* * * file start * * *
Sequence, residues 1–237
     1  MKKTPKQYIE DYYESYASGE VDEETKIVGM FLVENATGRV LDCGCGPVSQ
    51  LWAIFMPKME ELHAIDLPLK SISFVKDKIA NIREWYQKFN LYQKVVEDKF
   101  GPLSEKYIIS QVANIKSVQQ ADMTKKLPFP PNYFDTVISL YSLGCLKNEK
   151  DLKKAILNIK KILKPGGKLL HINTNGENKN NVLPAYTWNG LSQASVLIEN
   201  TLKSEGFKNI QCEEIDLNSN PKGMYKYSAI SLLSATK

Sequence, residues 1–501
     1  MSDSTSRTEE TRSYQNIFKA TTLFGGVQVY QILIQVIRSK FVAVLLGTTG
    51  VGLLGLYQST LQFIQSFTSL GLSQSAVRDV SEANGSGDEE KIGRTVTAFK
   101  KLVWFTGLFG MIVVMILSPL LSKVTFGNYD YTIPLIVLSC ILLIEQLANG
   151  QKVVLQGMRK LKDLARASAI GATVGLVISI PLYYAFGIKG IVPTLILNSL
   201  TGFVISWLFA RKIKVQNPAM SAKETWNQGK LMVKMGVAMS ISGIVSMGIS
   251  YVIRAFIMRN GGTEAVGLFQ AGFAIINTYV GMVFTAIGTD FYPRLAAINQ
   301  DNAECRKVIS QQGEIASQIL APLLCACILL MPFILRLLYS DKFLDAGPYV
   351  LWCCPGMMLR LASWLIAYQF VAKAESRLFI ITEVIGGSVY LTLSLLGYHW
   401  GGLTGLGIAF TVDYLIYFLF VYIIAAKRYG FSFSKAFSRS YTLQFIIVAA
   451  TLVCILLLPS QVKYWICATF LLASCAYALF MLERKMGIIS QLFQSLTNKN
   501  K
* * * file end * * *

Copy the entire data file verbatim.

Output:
Sequence, residues 1–237
     1  MKKTPKQYIE DYYESYASGE VDEETKIVGM FLVENATGRV LDCGCGPVSQ
    51  LWAIFMPKME ELHAIDLPLK SISFVKDKIA NIREWYQKFN LYQKVVEDKF
   101  GPLSEKYIIS QVANIKSVQQ ADMTKKLPFP PNYFDTVISL YSLGCLKNEK
   151  DLKKAILNIK KILKPGGKLL HINTNGENKN NVLPAYTWNG LSQASVLIEN
   201  TLKSEGFKNI QCEEIDLNSN PKGMYKYSAI SLLSATK

Sequence, residues 1–501
     1  MSDSTSRTEE TRSYQNIFKA TTLFGGVQVY QILIQVIRSK FVAVLLGTTG
    51  VGLLGLYQST LQFIQSFTSL GLSQSAVRDV SEANGSGDEE KIGRTVTAFK
   101  KLVWFTGLFG MIVVMILSPL LSKVTFGNYD YTIPLIVLSC ILLIEQLANG
   151  QKVVLQGMRK LKDLARASAI GATVGLVISI PLYYAFGIKG IVPTLILNSL
   201  TGFVISWLFA RKIKVQNPAM SAKETWNQGK LMVKMGVAMS ISGIVSMGIS
   251  YVIRAFIMRN GGTEAVGLFQ AGFAIINTYV GMVFTAIGTD FYPRLAAINQ
   301  DNAECRKVIS QQGEIASQIL APLLCACILL MPFILRLLYS DKFLDAGPYV
   351  LWCCPGMMLR LASWLIAYQF VAKAESRLFI ITEVIGGSVY LTLSLLGYHW
   401  GGLTGLGIAF TVDYLIYFLF VYIIAAKRYG FSFSKAFSRS YTLQFIIVAA
   451  TLVCILLLPS QVKYWICATF LLASCAYALF MLERKMGIIS QLFQSLTNKN
   501  K